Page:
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“What Becomes of My Home If I Die Before Paying It Off?”

Once upon a time, owning a home outright was the norm, and dying with a mortgage was unthinkable. Today however, with home prices being as high as they are, and with “downsizing” being the new trend among elderly individuals, it is not uncommon to die with a significant amount of mortgage left to pay off. According toConsumerFinance.gov, as of 2010 35 percent of individuals aged 65-74 still had a mortgage debt (a 15 percent increase from 1992), while a little more than 20 percent of individuals 75+ still owed money on their homes (a 15 percent increase from 1992). As more and more people are buying homes later in life, those numbers are only projected to increase. Which begs the question: if you still have a mortgage on your home when you pass, what becomes of the home?

There are several ways that your estate may be handled if you still owe a mortgage on your home when you pass away. If you still owe a significant amount of money on your home, and if you are worried about what will become of your home (and the subsequent mortgage) when you are gone, contact Jim A. Lyon Law Firm. Our Oklahoma City probate lawyer can go over your options with you and help you prepare your estate plan in such a way that takes your mortgage into account.

Possible Ways to Handle a Home with a Mortgage After Death

There are several things that may become of your home once you pass if you still owe money on it. Below are six common scenarios, each of which that you should be aware of so that you may better plan for the distribution of your estate.

1. Your heirs take over the loan. In most cases, if an individual passes away with a mortgage still on their home, their heirs have the option of taking on both the home and the mortgage. In this instance, the loan would simply be passed to one of your beneficiaries. They would keep the same interest rate and payment that you currently have, and would be exempt from the “due-on-sale” or acceleration clause typically enacted by lenders when a property is transferred.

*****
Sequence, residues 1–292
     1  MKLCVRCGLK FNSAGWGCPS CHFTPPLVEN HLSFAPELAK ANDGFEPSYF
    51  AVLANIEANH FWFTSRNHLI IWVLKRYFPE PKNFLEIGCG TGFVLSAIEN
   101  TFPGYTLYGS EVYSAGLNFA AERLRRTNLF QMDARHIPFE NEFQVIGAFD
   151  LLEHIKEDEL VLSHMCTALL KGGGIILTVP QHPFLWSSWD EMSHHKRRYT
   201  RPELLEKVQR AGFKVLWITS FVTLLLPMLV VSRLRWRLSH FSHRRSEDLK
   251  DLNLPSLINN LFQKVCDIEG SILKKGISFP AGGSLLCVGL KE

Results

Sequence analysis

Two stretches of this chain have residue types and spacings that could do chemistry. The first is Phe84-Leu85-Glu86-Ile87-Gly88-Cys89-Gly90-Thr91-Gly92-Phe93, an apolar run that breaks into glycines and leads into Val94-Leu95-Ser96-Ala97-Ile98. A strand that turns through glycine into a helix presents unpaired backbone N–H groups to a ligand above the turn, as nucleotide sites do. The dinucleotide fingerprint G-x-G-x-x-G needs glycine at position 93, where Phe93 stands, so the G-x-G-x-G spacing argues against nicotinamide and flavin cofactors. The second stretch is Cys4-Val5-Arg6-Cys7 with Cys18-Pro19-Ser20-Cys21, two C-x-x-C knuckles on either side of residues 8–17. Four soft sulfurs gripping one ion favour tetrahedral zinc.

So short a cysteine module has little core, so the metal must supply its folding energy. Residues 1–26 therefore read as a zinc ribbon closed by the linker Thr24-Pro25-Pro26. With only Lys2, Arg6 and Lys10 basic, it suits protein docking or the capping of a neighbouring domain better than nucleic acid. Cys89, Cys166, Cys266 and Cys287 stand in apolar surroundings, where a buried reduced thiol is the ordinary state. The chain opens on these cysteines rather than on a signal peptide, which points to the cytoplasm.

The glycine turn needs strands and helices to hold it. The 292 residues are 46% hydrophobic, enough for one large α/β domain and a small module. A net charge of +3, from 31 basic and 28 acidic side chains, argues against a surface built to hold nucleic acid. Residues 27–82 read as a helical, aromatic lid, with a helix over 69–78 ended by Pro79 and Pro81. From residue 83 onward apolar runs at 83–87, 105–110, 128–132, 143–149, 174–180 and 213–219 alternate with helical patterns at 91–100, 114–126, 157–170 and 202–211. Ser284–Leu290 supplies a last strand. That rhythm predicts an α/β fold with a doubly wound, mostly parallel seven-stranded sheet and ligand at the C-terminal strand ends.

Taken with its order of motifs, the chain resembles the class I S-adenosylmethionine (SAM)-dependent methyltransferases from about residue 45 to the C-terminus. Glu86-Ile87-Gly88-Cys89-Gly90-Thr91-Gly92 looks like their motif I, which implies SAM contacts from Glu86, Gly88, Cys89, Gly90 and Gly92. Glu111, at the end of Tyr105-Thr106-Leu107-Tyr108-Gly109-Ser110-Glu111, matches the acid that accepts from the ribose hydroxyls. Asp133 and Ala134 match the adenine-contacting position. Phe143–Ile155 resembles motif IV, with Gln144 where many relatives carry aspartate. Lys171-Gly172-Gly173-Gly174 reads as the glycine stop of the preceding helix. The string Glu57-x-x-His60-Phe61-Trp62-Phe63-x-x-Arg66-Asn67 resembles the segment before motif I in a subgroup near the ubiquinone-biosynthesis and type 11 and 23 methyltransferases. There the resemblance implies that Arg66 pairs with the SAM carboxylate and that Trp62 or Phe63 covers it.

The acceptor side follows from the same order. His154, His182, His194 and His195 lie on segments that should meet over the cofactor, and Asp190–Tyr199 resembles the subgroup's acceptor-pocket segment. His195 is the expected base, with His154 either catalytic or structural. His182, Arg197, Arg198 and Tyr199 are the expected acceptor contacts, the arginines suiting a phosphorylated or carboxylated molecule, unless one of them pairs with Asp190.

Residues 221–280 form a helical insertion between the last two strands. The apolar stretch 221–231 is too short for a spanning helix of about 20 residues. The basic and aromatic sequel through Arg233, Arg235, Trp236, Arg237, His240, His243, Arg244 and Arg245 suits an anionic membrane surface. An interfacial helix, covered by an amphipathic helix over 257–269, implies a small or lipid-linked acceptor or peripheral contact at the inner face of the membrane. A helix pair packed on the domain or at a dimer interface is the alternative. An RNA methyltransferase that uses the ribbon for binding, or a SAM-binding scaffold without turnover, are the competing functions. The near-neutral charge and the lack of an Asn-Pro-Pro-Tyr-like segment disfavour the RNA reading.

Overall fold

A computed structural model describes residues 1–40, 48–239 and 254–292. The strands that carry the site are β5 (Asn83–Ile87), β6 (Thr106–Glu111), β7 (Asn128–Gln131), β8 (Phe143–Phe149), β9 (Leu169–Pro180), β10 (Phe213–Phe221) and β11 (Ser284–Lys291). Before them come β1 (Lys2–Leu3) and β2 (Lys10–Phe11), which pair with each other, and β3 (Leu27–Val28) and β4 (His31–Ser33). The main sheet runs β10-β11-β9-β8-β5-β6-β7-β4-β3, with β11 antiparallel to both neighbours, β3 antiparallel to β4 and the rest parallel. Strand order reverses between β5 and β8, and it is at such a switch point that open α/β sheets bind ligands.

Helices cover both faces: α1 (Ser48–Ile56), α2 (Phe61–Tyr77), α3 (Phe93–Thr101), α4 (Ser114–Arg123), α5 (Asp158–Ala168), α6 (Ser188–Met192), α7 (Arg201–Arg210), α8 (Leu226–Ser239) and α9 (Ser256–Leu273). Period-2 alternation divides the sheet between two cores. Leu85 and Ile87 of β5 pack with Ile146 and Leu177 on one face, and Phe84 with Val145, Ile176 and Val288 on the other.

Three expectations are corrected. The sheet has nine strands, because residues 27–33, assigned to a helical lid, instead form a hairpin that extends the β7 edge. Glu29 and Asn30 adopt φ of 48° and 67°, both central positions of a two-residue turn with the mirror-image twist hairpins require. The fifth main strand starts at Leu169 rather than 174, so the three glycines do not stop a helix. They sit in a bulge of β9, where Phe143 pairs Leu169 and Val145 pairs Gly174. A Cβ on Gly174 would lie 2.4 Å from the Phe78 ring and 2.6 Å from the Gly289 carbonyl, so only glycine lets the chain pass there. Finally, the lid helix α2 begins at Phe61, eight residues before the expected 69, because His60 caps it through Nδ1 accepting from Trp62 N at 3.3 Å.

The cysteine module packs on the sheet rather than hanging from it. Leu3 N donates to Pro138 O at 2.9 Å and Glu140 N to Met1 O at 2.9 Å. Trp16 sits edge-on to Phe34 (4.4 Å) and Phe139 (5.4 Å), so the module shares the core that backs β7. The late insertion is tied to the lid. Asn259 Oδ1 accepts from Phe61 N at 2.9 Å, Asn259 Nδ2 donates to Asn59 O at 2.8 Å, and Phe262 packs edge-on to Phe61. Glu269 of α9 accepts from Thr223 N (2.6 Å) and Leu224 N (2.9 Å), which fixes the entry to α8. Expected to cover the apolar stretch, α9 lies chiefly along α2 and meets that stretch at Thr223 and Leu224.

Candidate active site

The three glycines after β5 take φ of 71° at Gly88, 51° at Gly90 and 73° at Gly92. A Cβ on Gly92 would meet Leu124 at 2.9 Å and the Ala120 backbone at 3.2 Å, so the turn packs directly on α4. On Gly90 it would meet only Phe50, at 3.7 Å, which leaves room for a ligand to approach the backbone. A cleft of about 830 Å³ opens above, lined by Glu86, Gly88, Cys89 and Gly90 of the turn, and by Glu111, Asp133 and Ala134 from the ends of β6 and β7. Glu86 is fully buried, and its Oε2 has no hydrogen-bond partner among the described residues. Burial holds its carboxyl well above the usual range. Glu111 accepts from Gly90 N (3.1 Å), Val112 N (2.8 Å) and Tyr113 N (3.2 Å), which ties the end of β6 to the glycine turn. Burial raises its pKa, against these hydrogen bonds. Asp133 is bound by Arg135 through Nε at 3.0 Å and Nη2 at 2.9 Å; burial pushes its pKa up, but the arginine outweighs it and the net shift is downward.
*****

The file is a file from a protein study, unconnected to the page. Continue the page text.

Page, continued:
2. Your heirs refinance the home loan. Sometimes, an heir is unable to afford the monthly payments on a mortgage; other times, they can get a better interest rate. In either instance, they have the option of refinancing the home.

3. Your heirs get the property free and clear. If you have enough money and/or assets in your estate, your estate may be able to pay off the remainder of your mortgage. In this instance, your beneficiaries would get the home free and clear.

4. Your heirs cannot afford the monthly payments. Unfortunately, sometimes a beneficiary cannot afford the payments on a home. If this is the case with your beneficiaries, they may choose to sell the home upon your death. If you are upside down on your mortgage – or when the house is worth less than what you owe – your family may just choose to walk away from the home altogether.

5. Your home is seized to pay off other debts. If you have several unpaid bills, your heirs may not be given the chance to decide what they want to do with your home; in order to repay your debts, the state may require that the home be sold to repay your debts.

Consult with an Oklahoma City Estate Planning Attorney

At Jim A. Lyon Law Firm, we want to help you better plan your estate so that your heirs are not left to sort out a complex mess in the event of your death. If you still owe a significant amount on your mortgage, it may be in your best interest to speak with an Oklahoma estate planning attorney about the options you have regarding how to plan for the distribution of your home and mortgage. Call our estate planning law firm today at 405-843-0461 to schedule a free consultation.

2017-03-08T21:30:36+00:00